As soon as you reach your desired cooking time, place the cooker under running cool water to stop the cooking immediately and bring the pressure down. The material of this Presto cooker is thick stainless and I feel comfortable doing that without risking to damage or crack a piece.
There is usually little water left at the bottom: my Mom used to drink it once cold saying a lot of minerals were in there (?) but I prefer to reserve it for soups or broth.
Clean-up of this cooker is a breeze. My husband does it by hand as a habit but I feel very comfortable putting the various pieces into the dishwasher.
There are 4 pieces. The heavy bottom stainless pan does not tend to attach food, even braised meats. The lid receives only steam so is very easy to get clean. I run a scrubby along the black gasket and the steam weight only needs to be wiped.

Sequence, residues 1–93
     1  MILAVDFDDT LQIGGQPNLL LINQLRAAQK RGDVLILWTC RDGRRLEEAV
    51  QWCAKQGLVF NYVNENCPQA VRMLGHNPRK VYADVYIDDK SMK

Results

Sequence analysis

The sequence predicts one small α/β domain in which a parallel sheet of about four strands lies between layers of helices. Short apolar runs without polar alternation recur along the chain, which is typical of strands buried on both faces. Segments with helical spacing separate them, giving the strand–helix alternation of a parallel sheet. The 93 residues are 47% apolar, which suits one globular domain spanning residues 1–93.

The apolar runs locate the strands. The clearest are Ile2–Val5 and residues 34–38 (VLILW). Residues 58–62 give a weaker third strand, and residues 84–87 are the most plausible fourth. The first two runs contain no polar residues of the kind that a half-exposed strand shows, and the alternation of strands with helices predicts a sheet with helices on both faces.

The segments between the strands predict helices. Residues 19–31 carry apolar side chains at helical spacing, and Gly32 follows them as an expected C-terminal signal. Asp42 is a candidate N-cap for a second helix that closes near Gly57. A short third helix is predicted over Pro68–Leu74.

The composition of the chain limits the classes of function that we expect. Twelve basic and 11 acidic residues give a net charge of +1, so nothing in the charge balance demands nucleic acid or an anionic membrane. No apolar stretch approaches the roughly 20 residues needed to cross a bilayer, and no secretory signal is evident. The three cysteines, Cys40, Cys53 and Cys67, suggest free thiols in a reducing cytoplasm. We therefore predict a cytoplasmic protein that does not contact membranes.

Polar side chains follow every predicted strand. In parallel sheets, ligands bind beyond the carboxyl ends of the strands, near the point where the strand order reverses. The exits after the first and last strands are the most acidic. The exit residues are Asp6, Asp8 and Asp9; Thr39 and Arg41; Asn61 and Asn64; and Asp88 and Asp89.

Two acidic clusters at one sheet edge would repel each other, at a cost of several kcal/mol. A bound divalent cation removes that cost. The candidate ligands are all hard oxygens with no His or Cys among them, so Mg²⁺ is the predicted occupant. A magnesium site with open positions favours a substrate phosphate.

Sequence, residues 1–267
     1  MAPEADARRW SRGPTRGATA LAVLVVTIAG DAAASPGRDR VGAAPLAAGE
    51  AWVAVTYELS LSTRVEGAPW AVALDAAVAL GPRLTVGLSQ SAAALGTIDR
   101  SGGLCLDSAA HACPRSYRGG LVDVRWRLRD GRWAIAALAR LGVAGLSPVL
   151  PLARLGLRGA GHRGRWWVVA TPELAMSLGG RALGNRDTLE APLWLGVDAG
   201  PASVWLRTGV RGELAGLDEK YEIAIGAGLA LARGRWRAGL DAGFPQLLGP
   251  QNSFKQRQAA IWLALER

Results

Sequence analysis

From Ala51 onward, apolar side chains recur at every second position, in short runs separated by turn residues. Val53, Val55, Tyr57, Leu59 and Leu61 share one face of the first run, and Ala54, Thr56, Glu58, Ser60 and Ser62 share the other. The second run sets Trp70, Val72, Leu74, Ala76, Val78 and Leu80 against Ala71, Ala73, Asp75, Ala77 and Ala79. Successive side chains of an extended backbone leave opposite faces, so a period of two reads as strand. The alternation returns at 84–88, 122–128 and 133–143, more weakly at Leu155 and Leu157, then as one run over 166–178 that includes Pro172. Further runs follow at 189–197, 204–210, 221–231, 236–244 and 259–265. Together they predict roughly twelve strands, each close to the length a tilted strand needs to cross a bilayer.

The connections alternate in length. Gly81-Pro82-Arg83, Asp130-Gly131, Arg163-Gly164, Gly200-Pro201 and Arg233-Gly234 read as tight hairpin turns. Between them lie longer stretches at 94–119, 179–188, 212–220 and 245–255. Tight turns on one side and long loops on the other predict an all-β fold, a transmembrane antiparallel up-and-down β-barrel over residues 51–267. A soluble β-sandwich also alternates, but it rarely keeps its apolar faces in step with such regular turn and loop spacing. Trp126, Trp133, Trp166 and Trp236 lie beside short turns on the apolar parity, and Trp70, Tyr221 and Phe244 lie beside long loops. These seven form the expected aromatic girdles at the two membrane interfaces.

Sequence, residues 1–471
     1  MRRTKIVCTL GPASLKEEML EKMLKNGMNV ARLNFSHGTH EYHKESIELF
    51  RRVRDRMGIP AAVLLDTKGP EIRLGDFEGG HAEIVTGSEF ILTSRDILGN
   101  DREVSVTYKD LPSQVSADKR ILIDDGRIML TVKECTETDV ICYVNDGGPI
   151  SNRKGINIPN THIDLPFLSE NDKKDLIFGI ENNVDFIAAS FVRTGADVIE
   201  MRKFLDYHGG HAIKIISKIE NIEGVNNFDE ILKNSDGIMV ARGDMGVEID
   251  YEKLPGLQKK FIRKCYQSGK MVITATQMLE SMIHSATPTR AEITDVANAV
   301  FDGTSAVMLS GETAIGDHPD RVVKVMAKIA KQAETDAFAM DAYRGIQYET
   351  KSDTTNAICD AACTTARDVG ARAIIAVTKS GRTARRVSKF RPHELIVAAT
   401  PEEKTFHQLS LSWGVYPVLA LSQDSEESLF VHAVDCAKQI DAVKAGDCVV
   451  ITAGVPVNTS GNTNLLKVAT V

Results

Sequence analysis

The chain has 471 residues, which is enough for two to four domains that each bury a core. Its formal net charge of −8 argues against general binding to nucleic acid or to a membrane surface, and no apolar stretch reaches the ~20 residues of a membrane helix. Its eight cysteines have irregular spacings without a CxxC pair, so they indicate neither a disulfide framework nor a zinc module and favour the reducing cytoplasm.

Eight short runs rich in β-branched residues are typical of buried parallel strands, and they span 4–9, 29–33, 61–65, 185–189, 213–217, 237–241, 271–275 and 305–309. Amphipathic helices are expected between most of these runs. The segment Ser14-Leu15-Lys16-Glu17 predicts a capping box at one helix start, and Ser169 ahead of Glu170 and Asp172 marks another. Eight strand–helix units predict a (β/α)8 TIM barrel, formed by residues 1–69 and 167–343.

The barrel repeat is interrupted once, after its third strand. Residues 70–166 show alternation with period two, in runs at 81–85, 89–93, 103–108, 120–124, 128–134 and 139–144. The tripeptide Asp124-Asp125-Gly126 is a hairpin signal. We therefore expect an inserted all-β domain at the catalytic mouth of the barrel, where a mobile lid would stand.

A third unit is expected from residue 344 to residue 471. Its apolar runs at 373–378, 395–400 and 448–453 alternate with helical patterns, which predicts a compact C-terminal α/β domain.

The size is enough for a whole meal for a family of four to six but can also cook small portions (adjusting the time down even more). You can easily cook several pounds of vegetables at once too.
Overall, a great buy to get a few minutes of my time back and a very good quality cooker. Highly recommended for your busy kitchen.
Hearing my 2 yr-old say "bro'lli, cau'fower!" at the sound of the whistle is great too!
You do need to attached the handled themselves when the pot arrives. Needs phillips head screwdriver and a little trying, but there are stickers on the pot to indicate which handle goes where. I took off 1 star because the handles arent really well designed, feel a touch flimsy, lack hanging holes for the lid (space is a premium in my tiny kitchen) and are a bit of a pain to put on and get appropriately tight.
The "regulator" is a little weight/cap that sits on top of the pot lid. It doesn't screw on, but rather balances. When the steam/pressure builds up, it starts tilting due to the steam "flowing" out of the pot. It looks like a top handle for the lid in the picture and as a first time user, I spent a little time trying to figure out what part I was missing/why it wasn't screwing on.